Suggested Citation

  • Luis Aguiar & Joel Waldfogel, 2014. "Digitization, Copyright, and the Welfare Effects of Music Trade," JRC Working Papers on Digital Economy 2014-05, Joint Research Centre (Seville site).
  • Handle: RePEc:ipt:decwpa:2014-05

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    Cited by:

    1. Ran Zhuo & Bradley Huffaker & KC Claffy & Shane Greenstein, 2019. "The Impact of the General Data Protection Regulation on Internet Interconnection," NBER Working Papers 26481, National Bureau of Economic Research, Inc.
    2. Bourreau, Marc & Doğan, Pınar, 2018. "Gains from digitization: Evidence from gift-giving in music," Journal of Economic Behavior & Organization, Elsevier, vol. 149(C), pages 106-122.
    3. Luis Aguiar & Joel Waldfogel, 2018. "Netflix: global hegemon or facilitator of frictionless digital trade?," Journal of Cultural Economics, Springer;The Association for Cultural Economics International, vol. 42(3), pages 419-445, August.
    4. Abhishek Nagaraj, 2018. "Does Copyright Affect Reuse? Evidence from Google Books and Wikipedia," Management Science, INFORMS, vol. 64(7), pages 3091-3107, July.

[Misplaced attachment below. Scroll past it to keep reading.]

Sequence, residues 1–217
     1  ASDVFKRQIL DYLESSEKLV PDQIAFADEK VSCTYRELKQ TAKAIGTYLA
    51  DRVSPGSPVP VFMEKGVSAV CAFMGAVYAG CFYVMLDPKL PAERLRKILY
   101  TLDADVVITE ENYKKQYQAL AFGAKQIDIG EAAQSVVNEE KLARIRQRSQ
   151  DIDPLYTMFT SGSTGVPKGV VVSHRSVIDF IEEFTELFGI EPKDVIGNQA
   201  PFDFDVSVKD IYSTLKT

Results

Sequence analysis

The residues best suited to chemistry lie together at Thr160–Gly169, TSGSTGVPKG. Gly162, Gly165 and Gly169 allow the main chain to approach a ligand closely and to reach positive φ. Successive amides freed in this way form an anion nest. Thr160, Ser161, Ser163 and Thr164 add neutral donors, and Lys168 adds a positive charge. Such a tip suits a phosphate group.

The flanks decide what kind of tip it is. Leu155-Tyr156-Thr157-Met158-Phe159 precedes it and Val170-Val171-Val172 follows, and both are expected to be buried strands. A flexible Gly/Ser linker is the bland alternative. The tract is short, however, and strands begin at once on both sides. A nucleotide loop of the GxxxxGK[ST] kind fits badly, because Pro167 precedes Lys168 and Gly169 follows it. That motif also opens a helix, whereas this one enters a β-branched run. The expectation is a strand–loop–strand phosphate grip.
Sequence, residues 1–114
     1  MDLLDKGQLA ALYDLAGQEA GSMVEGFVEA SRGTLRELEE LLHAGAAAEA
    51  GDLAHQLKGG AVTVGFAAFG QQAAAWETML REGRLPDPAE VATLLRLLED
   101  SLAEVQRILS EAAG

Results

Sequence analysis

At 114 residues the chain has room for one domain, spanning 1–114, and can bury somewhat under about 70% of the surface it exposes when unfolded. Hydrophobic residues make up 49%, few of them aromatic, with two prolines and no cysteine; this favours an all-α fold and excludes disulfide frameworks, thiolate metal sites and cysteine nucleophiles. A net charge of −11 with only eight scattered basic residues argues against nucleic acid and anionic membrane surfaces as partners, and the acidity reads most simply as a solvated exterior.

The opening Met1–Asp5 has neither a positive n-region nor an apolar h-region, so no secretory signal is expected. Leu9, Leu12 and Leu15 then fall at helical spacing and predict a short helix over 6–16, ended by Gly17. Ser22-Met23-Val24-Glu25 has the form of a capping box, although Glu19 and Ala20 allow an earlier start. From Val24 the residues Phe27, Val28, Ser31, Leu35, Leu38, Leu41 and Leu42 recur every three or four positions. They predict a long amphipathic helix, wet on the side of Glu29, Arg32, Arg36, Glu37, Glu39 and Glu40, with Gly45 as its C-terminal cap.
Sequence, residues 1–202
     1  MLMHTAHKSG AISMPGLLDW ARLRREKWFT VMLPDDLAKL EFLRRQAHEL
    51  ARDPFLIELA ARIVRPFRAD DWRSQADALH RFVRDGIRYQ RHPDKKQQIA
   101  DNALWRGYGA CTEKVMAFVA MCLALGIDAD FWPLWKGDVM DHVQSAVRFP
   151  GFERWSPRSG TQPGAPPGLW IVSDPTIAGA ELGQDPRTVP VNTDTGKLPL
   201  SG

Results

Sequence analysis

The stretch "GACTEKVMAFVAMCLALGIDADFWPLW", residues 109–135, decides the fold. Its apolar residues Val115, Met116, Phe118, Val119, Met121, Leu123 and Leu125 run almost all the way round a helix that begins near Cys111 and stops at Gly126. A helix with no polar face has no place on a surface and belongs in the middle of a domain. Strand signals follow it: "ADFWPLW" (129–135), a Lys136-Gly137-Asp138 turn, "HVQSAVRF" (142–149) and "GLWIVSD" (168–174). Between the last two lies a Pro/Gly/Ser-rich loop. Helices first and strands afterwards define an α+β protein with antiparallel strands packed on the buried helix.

5. Handke, Christian & Girard, Yann & Mattes, Anselm, 2015. "Fördert das Urheberrecht Innovation? Eine empirische Untersuchung," Studien zum deutschen Innovationssystem 16-2015, Expertenkommission Forschung und Innovation (EFI) - Commission of Experts for Research and Innovation, Berlin.
    6. BROOCKS Annette & DUCH BROWN Nestor & GOMEZ HERRERA Maria Estrella & MARTENS Bertin, 2020. "Geo-blocking: A literature review and new evidence in online audio-visual services," JRC Working Papers on Digital Economy 2020-01, Joint Research Centre (Seville site).
    7. Anderson, Simon P & Waldfogel, Joel, 2015. "Preference Externalities in Media Markets," CEPR Discussion Papers 10835, C.E.P.R. Discussion Papers.
    8. Yuki Takara, 2018. "Do cultural differences affect the trade of cultural goods? A study in trade of music," Journal of Cultural Economics, Springer;The Association for Cultural Economics International, vol. 42(3), pages 393-417, August.
    9. Georgios Alaveras & Estrella Gomez Herrera & Bertin Martens, 2015. "Geographic Fragmentation in the EU Market for e-Books: The case of Amazon," JRC Working Papers on Digital Economy 2015-13, Joint Research Centre (Seville site).
    10. Hamelmann, Lisa & Klein, Gordon J., 2017. "Removing geo-blocking: What are the effects on innovation for vertically differentiated goods?," CAWM Discussion Papers 100, University of Münster, Center of Applied Economic Research Münster (CAWM).

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    music; digitization; digital media; online markets; downloading; international trade;